Sticky Notes of Thoughts

…because some thoughts are worth remembering

On Firing Up the Oven and the Oven Hitchhiker, or (Non-)Recipe: Roasted Garlic

2015-08-02 11.49.12

There are things we hold to be true, because your foodie friend who recently remodeled the kitchen told you so, or because the instructions have been passed down far up the ancestry tree. One of these is boiling pasta in a big pot of boiling water (it turns out you don’t have to). I know this because I lived in Hawaii and it seemed like I didn’t need to have the water boiling and adding more humidity to already humid air, just to boil some pasta (and electricity rates being highest in the nation). I would start with a small pot of salted cold water, and it came out fine (I would also turn off the heat before it was fully cooked, and let the residual heat carry over).

I enjoy cooking in the oven, but it would heat up the whole apartment as well, so it becomes a moral and environmental decision. I would justify the use of the oven by baking more than one dish at a time. If you can’t think of another dish that has a similar baking time and temperature, you can fall back on roasted garlic.

Any time I have room in the oven and I need to fire it up for any length of time, I can throw in a head (or two) of garlic with outer skin peeled off but the cloves still intact with one layer of skin. It comes out great every time. It combines my love of “non-recipes” and my personal value to reduce electricity consumption, while not compromising on taste. It’s my go-to “oven-hitchhiker” of a (non) recipe. Yes, I am coining the term oven-hitchhiker, and alongside the other cooking memes: non-recipes and dissolving various pastes into yogurt for marinating meats for grilling (ok, that technique needs a name, too).

Roasted Garlic

  1. Get one head (or more) of garlic. Peel the outer layers of skin so you have just one layer of skin covering all the cloves and they are still intact as a head. Rinse.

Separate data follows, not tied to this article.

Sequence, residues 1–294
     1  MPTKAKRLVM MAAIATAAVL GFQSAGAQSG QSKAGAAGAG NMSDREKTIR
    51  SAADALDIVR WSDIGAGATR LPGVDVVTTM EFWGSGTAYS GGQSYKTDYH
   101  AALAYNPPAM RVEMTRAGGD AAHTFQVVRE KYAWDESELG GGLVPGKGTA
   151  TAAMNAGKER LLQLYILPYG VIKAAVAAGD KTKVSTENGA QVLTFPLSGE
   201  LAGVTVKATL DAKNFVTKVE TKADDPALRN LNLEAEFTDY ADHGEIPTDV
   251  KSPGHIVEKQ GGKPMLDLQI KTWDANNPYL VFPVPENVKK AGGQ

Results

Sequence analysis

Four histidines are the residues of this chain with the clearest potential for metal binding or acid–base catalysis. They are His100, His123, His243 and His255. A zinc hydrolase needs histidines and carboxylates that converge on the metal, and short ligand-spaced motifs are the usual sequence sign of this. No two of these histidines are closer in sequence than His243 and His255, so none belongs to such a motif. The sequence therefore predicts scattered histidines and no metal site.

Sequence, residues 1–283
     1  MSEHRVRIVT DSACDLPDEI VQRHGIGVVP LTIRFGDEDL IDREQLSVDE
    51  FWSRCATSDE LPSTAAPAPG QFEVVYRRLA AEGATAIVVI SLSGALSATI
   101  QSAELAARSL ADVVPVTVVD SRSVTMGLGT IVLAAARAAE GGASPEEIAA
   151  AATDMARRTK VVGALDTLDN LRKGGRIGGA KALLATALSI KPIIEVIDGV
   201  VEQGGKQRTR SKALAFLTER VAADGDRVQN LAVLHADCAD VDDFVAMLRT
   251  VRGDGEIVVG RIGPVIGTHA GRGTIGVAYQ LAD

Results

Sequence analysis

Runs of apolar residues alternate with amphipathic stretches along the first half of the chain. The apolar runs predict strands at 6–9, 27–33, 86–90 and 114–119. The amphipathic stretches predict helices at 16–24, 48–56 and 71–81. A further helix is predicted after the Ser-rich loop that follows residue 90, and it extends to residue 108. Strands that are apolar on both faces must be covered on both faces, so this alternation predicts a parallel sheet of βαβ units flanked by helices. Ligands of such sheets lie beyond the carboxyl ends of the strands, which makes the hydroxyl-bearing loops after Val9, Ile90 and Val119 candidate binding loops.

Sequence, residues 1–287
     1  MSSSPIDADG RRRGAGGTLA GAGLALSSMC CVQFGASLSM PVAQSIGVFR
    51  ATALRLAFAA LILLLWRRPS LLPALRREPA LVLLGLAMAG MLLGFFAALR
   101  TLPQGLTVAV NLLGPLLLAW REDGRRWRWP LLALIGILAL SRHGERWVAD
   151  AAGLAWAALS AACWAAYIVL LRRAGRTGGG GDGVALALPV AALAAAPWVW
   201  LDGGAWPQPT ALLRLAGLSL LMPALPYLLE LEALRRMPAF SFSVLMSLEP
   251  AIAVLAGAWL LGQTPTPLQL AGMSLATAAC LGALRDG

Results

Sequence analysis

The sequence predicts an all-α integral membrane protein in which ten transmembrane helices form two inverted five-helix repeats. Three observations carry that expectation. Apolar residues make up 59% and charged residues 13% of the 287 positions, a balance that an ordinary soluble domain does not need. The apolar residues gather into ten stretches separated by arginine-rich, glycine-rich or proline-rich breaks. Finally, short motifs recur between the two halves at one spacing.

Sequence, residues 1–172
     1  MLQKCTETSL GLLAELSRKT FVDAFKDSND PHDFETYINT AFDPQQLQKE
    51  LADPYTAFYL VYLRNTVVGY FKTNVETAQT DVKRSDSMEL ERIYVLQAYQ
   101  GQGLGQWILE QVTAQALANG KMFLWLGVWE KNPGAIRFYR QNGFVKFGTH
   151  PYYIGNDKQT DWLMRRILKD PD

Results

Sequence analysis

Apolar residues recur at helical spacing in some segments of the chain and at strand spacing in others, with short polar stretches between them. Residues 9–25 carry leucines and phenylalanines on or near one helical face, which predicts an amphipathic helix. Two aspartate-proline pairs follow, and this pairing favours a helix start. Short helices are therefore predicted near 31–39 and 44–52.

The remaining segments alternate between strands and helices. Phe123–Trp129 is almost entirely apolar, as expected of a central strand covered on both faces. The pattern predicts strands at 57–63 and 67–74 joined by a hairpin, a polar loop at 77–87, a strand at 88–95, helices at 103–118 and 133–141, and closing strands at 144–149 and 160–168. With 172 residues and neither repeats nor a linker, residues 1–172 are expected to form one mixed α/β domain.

2. Place it in foil large enough to wrap it, or place it in any small oven-proof container. Drizzle some olive oil (or canola oil will do, too, if you don’t like the smell of olive oil). Add a couple Tbsp of water in the container. Cover with foil.
  3. Stick it in the oven before you start preheating at whatever temperature you need for the dish you are using the oven for.
  4. If it’s less than 30 min., then after the main dish comes out, just turn off the oven and let it sit there until you eat dinner, etc. If it’s more than that, you can probably take it out then, let it cool.
  5. Take it out of the oven, and then put it in a container with a tight lid and store it in the refrigerator, or peel/squeeze out the cloves and put it in the freezer (you can divide them into little balls of plastic wrap).
  6. Use in everything…. to add depth to soups, cream sauces and dips (it’s great in hummus); toss with pasta; put it in your stir fry; mix into your burger patties; make salad dressing… the possibilities are endless. Next time something calls for roasted garlic, you would already have some.

Note: if you are concerned that you don’t want your cake to smell like garlic, it won’t. I have made brownies in the same oven. Nothing happened. I have made tres leches cake… nothing happened. Perhaps there are recipes too sensitive for the hitchhiker, but I haven’t encountered one yet.

When roasted, you don’t end up with bad breadth, so you can eat more garlic more often. It’s a win-win-win (and a win, if you count keeping the vampires away).

Photo: The oven-hitchhiker…roasted garlic

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This entry was posted on August 7, 2015 by in Food, Recipes and tagged , , , .
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